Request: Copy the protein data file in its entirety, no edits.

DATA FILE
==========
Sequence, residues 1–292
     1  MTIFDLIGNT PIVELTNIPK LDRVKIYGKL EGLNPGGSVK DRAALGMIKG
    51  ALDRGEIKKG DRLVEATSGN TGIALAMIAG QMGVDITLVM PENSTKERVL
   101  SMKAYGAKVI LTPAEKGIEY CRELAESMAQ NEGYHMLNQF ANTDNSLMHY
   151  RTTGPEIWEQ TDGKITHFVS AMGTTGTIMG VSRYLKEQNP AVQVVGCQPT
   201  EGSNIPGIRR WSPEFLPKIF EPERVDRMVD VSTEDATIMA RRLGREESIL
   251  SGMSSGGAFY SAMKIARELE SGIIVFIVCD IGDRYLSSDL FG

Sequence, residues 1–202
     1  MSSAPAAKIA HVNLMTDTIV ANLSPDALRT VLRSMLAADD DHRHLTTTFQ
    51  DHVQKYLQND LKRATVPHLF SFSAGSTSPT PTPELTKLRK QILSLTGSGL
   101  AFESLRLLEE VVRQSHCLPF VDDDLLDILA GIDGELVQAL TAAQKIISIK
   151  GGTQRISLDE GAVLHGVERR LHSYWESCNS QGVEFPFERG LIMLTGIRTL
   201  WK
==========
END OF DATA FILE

Sequence, residues 1–292
     1  MTIFDLIGNT PIVELTNIPK LDRVKIYGKL EGLNPGGSVK DRAALGMIKG
    51  ALDRGEIKKG DRLVEATSGN TGIALAMIAG QMGVDITLVM PENSTKERVL
   101  SMKAYGAKVI LTPAEKGIEY CRELAESMAQ NEGYHMLNQF ANTDNSLMHY
   151  RTTGPEIWEQ TDGKITHFVS AMGTTGTIMG VSRYLKEQNP AVQVVGCQPT
   201  EGSNIPGIRR WSPEFLPKIF EPERVDRMVD VSTEDATIMA RRLGREESIL
   251  SGMSSGGAFY SAMKIARELE SGIIVFIVCD IGDRYLSSDL FG

Sequence, residues 1–202
     1  MSSAPAAKIA HVNLMTDTIV ANLSPDALRT VLRSMLAADD DHRHLTTTFQ
    51  DHVQKYLQND LKRATVPHLF SFSAGSTSPT PTPELTKLRK QILSLTGSGL
   101  AFESLRLLEE VVRQSHCLPF VDDDLLDILA GIDGELVQAL TAAQKIISIK
   151  GGTQRISLDE GAVLHGVERR LHSYWESCNS QGVEFPFERG LIMLTGIRTL
   201  WK